Eel Sushi



If you’d like a taste of Japan, no food is more emblematic of the country than sushi. For the more adventurous type, you can add a unique twist to your sushi by  including traditional ingredients such as eel and wasabi. Another word for eel is unagi. Unagi sushi is very popular in many sushi places. Eel has a unique and different taste to it then the regular fish you typically eat at a sushi restaurant. Unagi is typically fresh water eel. You can find it at most Asian markets and stores. It is usually bought raw and has to be cooked. You can also fined it prepackaged and ready to consume.



If you have raw eel, it is very simple to cook. I used a regular toaster oven to cook it. Put foil on a pan, and spray it with some oil so the eel will not stick to it. Season the eel with salt. I used Worcester sauce to give it a nice flavor. Put it into the oven at 350 degrees for about 10 minutes. You can tell when it is cooked when the eel is flaky.


Once the unagi is done, let it cool off a little bit. It is best served warm. It is also easier to cut up as it much more firm. You will have to cut it into diagonal pieces as shown above. Do not make the pieces too big as they are going to be going onto rice balls. I typically make them 2 fingers wide.

Prepare your rice. You must have sushi rice as regular rice will not hold together as good. Sushi rice is short grain rice. Rinse out the rice and cook it using a rice cooker or on the stove. Let the rice cool off before working with it by putting it in the fridge.  Season the rice with rice vinegar and salt. Mix it up well until it begins to clump together.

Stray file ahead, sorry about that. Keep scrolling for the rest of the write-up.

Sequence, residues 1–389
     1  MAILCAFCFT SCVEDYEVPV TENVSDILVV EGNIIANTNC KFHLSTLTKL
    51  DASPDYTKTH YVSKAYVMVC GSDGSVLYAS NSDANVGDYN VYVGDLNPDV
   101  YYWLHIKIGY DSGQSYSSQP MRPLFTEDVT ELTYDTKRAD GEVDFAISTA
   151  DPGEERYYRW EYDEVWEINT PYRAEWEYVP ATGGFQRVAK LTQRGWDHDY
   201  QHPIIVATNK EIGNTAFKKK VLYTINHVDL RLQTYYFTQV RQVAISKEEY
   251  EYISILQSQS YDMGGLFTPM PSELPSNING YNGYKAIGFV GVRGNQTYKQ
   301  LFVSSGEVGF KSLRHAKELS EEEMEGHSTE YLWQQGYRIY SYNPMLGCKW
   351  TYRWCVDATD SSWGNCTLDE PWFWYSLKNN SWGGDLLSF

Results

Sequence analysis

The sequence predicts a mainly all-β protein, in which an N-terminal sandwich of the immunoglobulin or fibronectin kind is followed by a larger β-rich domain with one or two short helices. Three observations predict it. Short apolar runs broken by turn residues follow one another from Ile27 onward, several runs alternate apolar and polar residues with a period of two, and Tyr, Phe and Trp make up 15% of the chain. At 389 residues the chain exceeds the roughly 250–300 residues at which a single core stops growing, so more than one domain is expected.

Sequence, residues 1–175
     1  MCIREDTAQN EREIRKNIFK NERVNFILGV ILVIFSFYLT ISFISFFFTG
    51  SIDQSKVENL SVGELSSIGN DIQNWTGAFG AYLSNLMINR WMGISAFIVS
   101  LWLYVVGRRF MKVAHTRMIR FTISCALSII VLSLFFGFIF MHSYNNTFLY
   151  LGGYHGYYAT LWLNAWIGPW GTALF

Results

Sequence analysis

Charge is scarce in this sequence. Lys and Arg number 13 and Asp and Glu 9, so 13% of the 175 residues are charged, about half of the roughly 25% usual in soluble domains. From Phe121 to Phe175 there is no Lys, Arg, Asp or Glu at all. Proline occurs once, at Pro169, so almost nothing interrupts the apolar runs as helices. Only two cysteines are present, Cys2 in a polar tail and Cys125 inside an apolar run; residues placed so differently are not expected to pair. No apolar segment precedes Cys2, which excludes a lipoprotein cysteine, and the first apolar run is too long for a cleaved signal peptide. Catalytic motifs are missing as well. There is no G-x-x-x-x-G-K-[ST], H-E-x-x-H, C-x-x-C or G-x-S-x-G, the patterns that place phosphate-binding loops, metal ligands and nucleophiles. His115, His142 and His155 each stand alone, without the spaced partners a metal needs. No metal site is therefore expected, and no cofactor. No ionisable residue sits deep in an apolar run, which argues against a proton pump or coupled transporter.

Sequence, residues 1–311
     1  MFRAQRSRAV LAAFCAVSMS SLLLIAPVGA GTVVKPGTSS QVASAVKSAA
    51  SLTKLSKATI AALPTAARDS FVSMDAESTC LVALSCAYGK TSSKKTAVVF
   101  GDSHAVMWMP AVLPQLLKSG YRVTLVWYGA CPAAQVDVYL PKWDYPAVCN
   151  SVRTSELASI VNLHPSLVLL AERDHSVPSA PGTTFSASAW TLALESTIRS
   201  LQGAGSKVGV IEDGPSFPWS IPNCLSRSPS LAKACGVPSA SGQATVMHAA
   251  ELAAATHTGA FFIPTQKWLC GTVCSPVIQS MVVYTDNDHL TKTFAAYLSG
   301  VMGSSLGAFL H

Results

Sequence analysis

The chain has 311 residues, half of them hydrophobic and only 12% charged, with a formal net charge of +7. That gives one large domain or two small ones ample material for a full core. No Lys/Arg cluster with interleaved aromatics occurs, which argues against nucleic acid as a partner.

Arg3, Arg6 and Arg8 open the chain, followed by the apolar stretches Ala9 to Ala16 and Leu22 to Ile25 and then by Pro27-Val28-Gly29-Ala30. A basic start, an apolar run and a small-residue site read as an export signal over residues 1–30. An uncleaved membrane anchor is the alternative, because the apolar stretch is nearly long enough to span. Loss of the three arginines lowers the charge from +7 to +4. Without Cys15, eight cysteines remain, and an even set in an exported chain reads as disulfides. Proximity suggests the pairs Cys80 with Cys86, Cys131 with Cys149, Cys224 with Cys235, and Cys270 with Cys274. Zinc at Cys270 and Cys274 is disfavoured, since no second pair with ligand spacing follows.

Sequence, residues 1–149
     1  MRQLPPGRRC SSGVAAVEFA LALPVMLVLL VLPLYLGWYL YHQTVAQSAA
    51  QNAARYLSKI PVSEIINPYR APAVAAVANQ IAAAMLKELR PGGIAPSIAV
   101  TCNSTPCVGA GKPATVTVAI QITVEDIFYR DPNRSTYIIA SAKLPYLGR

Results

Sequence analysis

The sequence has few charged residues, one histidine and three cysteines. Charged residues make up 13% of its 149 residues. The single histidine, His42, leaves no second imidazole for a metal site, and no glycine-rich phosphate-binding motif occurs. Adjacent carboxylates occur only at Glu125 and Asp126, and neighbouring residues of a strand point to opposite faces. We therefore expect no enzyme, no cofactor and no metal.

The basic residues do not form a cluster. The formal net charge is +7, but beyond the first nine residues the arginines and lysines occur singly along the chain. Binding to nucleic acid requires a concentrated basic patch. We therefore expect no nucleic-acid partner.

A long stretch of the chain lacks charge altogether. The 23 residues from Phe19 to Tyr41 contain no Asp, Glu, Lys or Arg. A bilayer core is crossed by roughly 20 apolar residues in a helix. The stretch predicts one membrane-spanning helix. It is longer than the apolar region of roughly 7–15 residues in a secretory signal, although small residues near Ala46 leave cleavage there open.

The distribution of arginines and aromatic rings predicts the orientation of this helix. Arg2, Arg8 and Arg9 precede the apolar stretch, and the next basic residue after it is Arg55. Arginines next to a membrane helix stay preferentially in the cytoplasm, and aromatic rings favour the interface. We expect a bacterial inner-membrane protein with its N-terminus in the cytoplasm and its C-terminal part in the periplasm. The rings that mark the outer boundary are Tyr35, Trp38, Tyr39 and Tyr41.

You will want to smear the skin side of the eel with wasabi. Wasabi will act as our glue to hold the rice and unagi together. If you do not have wasabi, you can use nori. Cut the seaweed into a thin strip. Wrap it around the eel and rice like a string.


Make a rice oval ball that is about the size of your two fingers. Clump it together so the rice does not fall apart. Take the eel and put it against the rice ball on the side where you smeared it with wasabi. The skin should be facing the rice. Press lightly so the two stick together. You do not want to apply too much pressure or you will dent the rice ball or break the eel into two pieces.


Repeat this process for all the slices of unagi you have. These are pretty simple and easy to make. This recipe is the nigiri style of sushi. You can also make eel sushi in the roll form. This is made like a regular sushi roll, but with eel as one of the ingredients. Below is a video on how to make eel sushi rolls.



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